Lecture31 - Chem 162 Lecture 31 Spring 2011 Calculating...

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Unformatted text preview: Chem 162, Lecture 31, Spring 2011 Calculating Cell Voltage under Non-standard Conditions ∆ G = ∆ G o + RT ln Q -nFE = -nFE o + RT ln Q E = E o- RT nF ln Q Nernst Equation Converting to base 10 logarithms: E = E o – (RT/nF)ln Q = E o- 2.303RT nF log Q Substituting: T = 298.15 K F = 96,485 C/mol R = 8.314 Joule/K RT/F = 0.025693 V 2.303RT F = (2.303)(8.314)(298) 96485 = 0.059161 V E = E o- 0.0591 n log Q Nernst Equation 0.0592 actually! 1 Example: 2Al(s) + 3Mn 2+ (aq) → 2Al 3+ (aq) + 3Mn(s) What is the voltage of such a cell if: [Mn 2+ ] = 0.010 M [Al 3+ ] = 1.50 M E o (volts) Mn 2+ (aq) + 2e- → Mn(s) -1.18 cathode Al 3+ (aq) + 3e- → Al(s) -1.68 anode E o = E(cathode) – E(anode) = – 1.18 V – (-1.68 V) = + 0.50 V Using the Nernst equation: E = E o- 0.0591 n log Q E = 0.50 - 0.0591 6 log (1.50) 2 (0.010) 3 = 0.44 volts Another Example: Cu + 2Ag + → 2Ag + Cu 2+ E o = 0.46 volts At equilibrium: E = 0 and Q = K 0 = E o- 0.0591 n log K => log K = n E o 0.0591 => log K = 2(0.46) 0.0591 = 15.567 => K = 10 15.567 = 3.7 x 10 15 2 Starting with standard conditions, what is the voltage of the cell after 99% has reacted?...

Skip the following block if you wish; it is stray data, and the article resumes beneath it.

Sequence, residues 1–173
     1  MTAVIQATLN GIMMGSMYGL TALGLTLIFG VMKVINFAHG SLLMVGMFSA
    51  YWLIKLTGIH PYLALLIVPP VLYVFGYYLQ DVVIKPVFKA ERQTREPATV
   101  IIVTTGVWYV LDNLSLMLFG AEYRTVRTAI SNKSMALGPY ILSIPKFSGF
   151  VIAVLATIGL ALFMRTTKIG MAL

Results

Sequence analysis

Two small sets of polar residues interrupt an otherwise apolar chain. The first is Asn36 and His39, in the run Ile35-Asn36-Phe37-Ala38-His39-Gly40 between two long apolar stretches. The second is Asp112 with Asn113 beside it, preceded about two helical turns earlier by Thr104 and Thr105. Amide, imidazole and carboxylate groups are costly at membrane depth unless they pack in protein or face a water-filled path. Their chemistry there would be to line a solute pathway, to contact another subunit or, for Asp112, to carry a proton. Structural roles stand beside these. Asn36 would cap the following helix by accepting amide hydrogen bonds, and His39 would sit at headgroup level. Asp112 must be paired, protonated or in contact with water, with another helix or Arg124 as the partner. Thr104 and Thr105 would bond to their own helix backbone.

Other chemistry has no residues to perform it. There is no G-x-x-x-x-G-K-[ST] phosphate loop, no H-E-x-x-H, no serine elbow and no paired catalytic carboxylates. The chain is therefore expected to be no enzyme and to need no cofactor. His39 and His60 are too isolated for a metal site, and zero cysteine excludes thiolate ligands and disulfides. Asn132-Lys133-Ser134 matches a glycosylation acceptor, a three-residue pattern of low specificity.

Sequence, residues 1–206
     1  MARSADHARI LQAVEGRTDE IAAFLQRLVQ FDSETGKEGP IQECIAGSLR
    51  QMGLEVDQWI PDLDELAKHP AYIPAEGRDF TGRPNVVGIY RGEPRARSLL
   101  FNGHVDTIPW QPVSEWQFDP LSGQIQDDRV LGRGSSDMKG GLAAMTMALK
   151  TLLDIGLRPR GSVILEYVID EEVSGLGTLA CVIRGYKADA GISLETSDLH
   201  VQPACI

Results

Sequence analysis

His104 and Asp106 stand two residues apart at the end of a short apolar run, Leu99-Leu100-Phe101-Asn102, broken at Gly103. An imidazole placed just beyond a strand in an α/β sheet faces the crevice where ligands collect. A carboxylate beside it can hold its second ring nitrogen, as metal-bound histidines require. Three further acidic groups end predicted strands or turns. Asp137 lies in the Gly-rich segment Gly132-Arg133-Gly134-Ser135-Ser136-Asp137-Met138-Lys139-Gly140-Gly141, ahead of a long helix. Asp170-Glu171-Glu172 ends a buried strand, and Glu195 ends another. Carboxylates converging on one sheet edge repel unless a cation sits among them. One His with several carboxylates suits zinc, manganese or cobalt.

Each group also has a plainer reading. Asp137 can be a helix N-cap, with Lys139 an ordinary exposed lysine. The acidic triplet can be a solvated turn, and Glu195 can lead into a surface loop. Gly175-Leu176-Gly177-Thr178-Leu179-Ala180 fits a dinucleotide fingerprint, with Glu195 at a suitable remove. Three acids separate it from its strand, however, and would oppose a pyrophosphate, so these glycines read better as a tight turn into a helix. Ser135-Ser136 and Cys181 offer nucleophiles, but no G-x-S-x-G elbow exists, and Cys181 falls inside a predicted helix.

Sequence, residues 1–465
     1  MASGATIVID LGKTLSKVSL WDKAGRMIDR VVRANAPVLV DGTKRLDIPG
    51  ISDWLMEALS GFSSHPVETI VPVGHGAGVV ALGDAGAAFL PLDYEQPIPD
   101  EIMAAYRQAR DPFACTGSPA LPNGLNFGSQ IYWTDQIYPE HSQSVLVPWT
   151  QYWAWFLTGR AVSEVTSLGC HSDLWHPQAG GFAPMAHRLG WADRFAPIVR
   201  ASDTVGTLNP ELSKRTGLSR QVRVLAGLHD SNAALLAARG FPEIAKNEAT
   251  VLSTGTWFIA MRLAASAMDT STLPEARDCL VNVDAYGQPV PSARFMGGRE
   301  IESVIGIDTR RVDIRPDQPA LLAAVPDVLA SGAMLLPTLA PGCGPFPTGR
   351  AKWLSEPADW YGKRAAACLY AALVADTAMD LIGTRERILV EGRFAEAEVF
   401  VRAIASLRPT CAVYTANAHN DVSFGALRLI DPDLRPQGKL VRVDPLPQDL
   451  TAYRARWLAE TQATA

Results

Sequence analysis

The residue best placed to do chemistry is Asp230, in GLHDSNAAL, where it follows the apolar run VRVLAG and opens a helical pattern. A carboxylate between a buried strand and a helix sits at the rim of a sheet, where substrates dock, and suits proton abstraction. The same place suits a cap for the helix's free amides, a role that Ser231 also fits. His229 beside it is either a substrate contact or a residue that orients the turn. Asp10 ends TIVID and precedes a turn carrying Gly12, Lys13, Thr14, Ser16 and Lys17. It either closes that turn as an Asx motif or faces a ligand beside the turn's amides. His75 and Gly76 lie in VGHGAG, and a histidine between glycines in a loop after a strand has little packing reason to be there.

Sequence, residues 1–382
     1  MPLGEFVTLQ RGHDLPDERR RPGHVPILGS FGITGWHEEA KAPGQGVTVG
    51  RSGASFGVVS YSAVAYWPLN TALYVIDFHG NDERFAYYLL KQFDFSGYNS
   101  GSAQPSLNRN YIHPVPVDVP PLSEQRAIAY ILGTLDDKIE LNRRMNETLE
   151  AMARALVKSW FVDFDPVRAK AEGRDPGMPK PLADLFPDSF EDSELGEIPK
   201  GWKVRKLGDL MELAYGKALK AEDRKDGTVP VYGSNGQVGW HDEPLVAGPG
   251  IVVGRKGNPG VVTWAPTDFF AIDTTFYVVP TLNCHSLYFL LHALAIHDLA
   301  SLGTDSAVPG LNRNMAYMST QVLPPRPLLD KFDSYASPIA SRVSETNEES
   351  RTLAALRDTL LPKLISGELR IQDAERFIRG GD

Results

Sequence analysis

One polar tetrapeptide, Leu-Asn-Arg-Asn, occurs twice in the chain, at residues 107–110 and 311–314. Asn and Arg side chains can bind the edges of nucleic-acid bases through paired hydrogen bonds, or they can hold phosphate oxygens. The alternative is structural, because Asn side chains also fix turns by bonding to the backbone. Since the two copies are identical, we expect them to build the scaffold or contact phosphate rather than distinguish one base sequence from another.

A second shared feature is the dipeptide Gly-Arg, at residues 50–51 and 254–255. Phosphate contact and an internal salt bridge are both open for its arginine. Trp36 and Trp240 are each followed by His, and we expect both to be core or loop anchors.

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This note was uploaded on 11/09/2011 for the course CHEM 162 taught by Professor Siegal during the Spring '08 term at Rutgers.

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Lecture31 - Chem 162 Lecture 31 Spring 2011 Calculating...

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